4 2. Muscles of the Pectoral Region a. Pectoralis major: Major actions are to adduct the arm and medially rotate it. 3. Muscles of the Upper Arm a. Biceps brachii: Note that it has two heads of origin from the scapula. It has several actions: 1. It is a flexor of the arm at the shoulder joint; 2. It is a strong flexor of the forearm at the elbow joint; 3. It is a strong supinator of the forearm. b. Triceps: It originates from the scapula and the humerus, inserts into the olecranon process of the ulna, and powers elbow extension. 4. Hand The thenar and hypothenar muscle groups of the hands.

5 Station #3: Lower Extremity Objectives 1. Name and identify the main bones of the lower extremity. 2. Name and demonstrate the key movements that take place at the major joints of the lower extremity. 3. Name, identify, and demonstrate the actions of key muscles of the lower extremity. Bones of the Lower Extremity The pelvis is comprised of the two hip bones (innominate bones) and sacrum. Each individual innominate bone is comprised of three separate bones (parts): the ilium, the ischium, and the pubis. These three bones come together to form a depression for articulation with the femur, the acetabulum. Note how the head of the femur fits into the acetabulum. With the help of a text or atlas, work together to identify the key features of the following bones. 1. Femur: head, neck, greater trochanter, lesser trochanter, shaft, medial and lateral condyles. 2. Lower Leg: tibia, fibula, medial and lateral condyles of the tibia, head of the fibula, medial and lateral malleolus of the ankle. 3. Foot: Identify the tarsal, metatarsal and phalanges. Identify the heel bone (calcaneus) and talus specifically. Joints of the Lower Extremity: On the skeleton, work together to locate the following joints. Name and demonstrate the movements that take place at each joint. 1. Hip joint (femoral acetabular joint): Note the congruency of the articular surfaces, and the depth of this ball & socket type synovial joint. 2. Knee joint: Note the large number of ligaments (collaterals/cruciates) involved in stabilizing this condylar joint. Note how the fibro-cartilage (menisci) deepen the contact points for the femur on the tibia, and add to the stability of the joint. 3. Ankle joint: Note how the ankle is comprised of two joints that each have specific functions: 1.Talo-crural joint (between talus and the medial/lateral malleolus planter/dorsi flexion) 2. Sub-talar joint (between talus and calcaneous inversion and eversion) Muscles of the Lower Extremity: On a prosected specimen, work together to identify the following muscles of the lower extremity and then demonstrate their actions yourself. 1. Muscles of the Gluteal Region a. Gluteus maximus: Most superficial muscle in buttocks region. It is a powerful extensor of the hip joint and contributes to lateral rotation. b. Gluteus medius: Located deep to gluteus maximus. It abducts and medially rotates the thigh. In addition it steadies the pelvis, preventing the pelvis from dropping during walking. (Note: When you lift your right foot off the ground it is the left g. medius that stabilizes the pelvis). c. Piriformis: One of the lateral rotators of the thigh. The piriformis muscle is often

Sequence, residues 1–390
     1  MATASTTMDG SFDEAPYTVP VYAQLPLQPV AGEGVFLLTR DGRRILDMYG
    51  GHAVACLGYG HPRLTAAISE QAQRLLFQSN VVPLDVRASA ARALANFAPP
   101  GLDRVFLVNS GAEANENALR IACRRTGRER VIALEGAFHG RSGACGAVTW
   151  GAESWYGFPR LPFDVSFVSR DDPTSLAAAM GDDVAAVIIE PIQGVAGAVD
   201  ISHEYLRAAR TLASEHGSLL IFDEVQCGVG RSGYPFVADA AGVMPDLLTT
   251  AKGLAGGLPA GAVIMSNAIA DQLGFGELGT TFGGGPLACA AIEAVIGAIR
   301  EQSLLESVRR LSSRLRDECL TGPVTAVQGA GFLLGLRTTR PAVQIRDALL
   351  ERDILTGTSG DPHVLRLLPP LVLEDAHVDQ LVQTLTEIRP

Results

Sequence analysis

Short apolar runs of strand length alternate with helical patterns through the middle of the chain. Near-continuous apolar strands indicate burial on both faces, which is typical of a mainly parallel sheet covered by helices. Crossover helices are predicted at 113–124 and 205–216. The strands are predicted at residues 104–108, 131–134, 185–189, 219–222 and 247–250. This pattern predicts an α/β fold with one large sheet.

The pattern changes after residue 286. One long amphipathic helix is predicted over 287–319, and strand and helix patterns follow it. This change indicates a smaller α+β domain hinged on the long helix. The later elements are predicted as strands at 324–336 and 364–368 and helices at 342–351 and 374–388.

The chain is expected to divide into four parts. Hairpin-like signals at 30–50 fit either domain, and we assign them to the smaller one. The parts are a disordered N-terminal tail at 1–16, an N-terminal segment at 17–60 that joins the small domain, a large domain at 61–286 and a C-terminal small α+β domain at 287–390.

6 described as having a key position in the gluteal region. Many other structures in the area can be identified with respect to the position of the piriformis. 2. Thigh Region (quadriceps, hamstrings & groin muscles) a. Iliopsoas: originates in the abdomen and pelvis and is a combination of two muscles: the iliacus and the psoas major. It is a powerful flexor of the thigh. b. Quadriceps femoris: This muscle actually consists of 4 separate heads which insert together onto the patella. The four muscles which make up the quadriceps are: rectus femoris, vastus lateralis, vastus intermedius and vastus medialis. It flexes the hip (rectus femoris portion only) and extends the knee joint. c. Hamstrings: Located in the posterior compartment of the thigh and is often referred to as the flexor compartment. Consists of three separate muscles: semimembranosus, semitendinosus and the biceps femoris muscle. These muscles function to power flexion at the knee joint and extension of the thigh at the hip joint. d. Adductors: The muscles of the medial compartment of the thigh are primarily adductors of the thigh. Hence this compartment is often referred to as the adductor compartment of the thigh. It is comprised of 5 individual muscles: pectineus, adductor brevis, adductor longus, adductor magnus and gracilis. 3. Muscles of the Lower Leg a. Anterior Compartment: Muscles of this compartment power dorsi-flexion of the ankle and extension of the toes. The 3 muscles are (moving from medial to lateral): tibialis anterior, extensor hallucis longus, and extensor digitorum longus. b. Lateral (Peroneal) Compartment: Includes two muscles: peroneus longus & brevis. These muscles are evertors of the ankle and foot. c. Posterior Compartment of the Leg: The function of the muscles in the posterior compartment is plantar flexion of the ankle and flexion of the toes. The compartment can be divided into 2 regions each comprised of 3 muscles: 1. Superficial: Includes what we classically refer to as the calf muscles. They include: gastrocnemius, soleus and plantaris. All insert into the calcaneus via the tendo-calcaneous (or Achilles tendon). 2. Deep: These muscles power eversion of the ankle and flexion of the toes. They include tibialis posterior, flexor hallucis longus and flexor digitorum longus.